WASHINGTON - Do mortgage brokers need to tell their customers all the fees they receive from a bank?
Currently, the answer from the Department of Housing and Urban Development is yes. Failing to disclose the fees is tantamount to noncompliance with the Real Estate Settlement Procedures Act.
But HUD is trying to determine whether the rule should be changed and is considering forming a committee of outsiders to help.
"This is the issue of the year as far as Respa goes," said Glenn Gimble, a compliance specialist with America's Community Bankers.
In the Sept. 13 Federal Register HUD announced that it would be seeking comment on whether disclosure of "all charges imposed on the borrower," including any fees the bank pays the broker, is useful to the consumer. Comments are due by Nov. 13.
Those fees are now required to be reported on the Good Faith Estimate and on HUD-1 and HUD-1A fee-disclosure forms brokers provide to a customer.
Sarah Rosen, special assistant to HUD's Assistant Secretary of Housing, said the agency will name a committee in two weeks to determine what changes should be made. A 30-day comment period must be held on the make-up of the group before meetings can take place.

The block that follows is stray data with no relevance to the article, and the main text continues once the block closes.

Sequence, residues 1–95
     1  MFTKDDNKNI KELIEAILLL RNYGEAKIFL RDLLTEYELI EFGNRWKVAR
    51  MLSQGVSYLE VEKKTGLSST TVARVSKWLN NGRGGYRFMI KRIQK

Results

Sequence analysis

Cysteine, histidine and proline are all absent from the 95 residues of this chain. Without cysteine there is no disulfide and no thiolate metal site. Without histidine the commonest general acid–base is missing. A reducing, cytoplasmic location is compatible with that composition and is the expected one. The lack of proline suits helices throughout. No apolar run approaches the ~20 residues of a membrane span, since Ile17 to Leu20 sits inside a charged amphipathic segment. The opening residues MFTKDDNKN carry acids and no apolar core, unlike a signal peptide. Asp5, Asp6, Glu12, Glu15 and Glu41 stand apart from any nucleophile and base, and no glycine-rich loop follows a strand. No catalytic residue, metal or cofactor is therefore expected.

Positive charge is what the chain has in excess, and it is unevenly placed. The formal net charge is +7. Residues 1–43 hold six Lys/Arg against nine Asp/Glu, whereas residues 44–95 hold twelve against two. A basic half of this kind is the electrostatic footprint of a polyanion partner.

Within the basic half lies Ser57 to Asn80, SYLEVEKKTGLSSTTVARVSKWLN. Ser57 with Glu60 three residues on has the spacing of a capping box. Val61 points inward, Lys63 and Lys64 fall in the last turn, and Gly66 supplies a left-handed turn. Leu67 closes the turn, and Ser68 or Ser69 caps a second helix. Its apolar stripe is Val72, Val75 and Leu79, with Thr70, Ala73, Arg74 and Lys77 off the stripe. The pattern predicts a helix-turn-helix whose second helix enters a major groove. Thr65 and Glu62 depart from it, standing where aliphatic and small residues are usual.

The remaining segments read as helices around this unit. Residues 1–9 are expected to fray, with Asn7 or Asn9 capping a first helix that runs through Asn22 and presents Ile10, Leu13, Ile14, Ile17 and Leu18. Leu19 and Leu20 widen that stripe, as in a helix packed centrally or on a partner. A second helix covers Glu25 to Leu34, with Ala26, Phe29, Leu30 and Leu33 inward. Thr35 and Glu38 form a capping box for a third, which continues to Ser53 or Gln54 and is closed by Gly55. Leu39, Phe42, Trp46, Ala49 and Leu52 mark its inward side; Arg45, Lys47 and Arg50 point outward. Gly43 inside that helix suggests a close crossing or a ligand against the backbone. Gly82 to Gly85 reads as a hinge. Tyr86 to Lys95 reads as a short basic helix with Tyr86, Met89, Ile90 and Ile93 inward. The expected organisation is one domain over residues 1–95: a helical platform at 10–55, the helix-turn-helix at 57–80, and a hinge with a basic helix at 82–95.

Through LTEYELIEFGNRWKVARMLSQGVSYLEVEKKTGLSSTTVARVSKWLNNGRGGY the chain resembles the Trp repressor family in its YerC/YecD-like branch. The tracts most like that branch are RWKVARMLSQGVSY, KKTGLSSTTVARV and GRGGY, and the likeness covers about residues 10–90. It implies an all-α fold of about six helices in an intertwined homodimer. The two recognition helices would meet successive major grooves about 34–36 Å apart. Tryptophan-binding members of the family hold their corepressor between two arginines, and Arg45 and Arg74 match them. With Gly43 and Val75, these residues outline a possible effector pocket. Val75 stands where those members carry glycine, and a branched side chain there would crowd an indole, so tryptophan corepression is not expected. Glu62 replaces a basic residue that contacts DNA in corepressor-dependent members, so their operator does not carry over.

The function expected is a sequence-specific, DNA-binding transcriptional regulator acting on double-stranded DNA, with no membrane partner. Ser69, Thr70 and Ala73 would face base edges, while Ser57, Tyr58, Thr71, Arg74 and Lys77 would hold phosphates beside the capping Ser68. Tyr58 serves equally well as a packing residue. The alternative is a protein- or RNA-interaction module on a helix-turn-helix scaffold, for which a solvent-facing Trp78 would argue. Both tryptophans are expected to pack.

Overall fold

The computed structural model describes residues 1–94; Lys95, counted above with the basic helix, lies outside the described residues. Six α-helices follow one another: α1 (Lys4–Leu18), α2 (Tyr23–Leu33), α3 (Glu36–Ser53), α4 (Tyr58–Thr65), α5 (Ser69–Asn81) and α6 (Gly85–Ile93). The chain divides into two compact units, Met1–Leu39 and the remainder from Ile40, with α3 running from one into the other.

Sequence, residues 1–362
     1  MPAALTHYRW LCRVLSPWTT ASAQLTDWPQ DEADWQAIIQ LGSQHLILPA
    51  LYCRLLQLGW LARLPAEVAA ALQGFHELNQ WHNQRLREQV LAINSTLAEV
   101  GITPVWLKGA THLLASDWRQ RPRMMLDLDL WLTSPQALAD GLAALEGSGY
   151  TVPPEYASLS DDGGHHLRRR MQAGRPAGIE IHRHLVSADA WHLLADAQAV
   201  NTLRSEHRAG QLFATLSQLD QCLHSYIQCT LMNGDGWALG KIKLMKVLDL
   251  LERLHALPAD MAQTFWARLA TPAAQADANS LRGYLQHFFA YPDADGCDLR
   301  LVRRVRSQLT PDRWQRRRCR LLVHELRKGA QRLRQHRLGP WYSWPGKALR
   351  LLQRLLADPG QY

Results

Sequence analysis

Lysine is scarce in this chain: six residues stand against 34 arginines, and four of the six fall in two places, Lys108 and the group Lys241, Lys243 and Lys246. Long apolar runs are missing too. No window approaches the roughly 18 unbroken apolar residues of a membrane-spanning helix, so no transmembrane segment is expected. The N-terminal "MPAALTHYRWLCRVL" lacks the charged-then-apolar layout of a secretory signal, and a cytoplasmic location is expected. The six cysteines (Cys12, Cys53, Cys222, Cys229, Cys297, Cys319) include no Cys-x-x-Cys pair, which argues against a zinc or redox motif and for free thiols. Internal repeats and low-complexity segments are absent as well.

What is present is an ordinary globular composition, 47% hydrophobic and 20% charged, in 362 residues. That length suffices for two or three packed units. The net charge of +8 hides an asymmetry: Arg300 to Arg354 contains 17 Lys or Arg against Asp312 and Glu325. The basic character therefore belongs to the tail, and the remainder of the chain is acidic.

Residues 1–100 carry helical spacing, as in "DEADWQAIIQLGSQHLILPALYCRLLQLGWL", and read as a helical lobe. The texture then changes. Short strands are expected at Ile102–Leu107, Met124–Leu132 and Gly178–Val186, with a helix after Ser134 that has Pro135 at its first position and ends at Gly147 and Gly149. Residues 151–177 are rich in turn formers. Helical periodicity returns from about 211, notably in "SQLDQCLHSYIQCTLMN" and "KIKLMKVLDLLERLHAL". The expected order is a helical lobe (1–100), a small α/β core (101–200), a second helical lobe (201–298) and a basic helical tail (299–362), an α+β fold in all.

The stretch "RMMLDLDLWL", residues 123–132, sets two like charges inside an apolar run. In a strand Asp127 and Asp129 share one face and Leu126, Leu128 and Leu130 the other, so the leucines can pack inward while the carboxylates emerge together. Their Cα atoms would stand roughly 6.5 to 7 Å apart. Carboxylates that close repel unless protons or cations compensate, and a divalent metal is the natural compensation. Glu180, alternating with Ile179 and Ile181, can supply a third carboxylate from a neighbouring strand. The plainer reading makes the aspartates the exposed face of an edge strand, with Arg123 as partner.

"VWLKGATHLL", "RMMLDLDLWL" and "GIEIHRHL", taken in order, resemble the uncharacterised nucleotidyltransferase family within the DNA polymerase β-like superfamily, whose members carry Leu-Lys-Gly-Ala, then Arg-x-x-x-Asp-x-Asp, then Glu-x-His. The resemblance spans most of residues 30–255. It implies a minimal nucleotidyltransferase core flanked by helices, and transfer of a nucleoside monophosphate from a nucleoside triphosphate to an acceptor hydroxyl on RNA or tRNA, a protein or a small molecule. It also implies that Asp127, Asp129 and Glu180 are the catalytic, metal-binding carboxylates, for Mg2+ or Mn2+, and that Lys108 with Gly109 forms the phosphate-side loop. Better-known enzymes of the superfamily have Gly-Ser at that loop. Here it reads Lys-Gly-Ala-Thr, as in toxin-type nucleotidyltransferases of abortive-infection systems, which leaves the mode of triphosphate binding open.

"This is sort of an experiment for us," Ms. Rosen said. "In the past, people have tended to think that HUD takes comment letters into a back room, makes a decision, and never lets anyone in on discussions."
The committee of 15 to 20 people would include representatives from trade associations, regulatory agencies, and consumer groups, Ms. Rosen said.
Mr. Gimble, who said he has been contacted by HUD about being on the rule-making committee, said that as long as the customer feels he is being treated fairly, the fee disclosure should not be much of an issue.
"If I were a customer, I would say 'Let the brokers get all the money they want as long as I get the best rate on my mortgage,' " Mr. Gimble said.
Brian Chappelle, vice president of government agency relations for the Mortgage Bankers Association, said he wasn't sure whether HUD would choose to change the rule. While at its heart the change is a compliance issue, it also has political overtones.
"It's hard for HUD to be against disclosures," Mr. Chappelle said.
Robert P. Chamness, president and chief operating officer of CFI Proservices, a Portland, Ore., compliance company, said HUD should continue to maintain full-fee disclosure for several years.
He said the size of the fees in question make their disclosure important to the customer.
"These are the biggest fees involved in these transactions," Mr. Chamness said. "Any customer is better off knowing the biggest fee in the mortgage."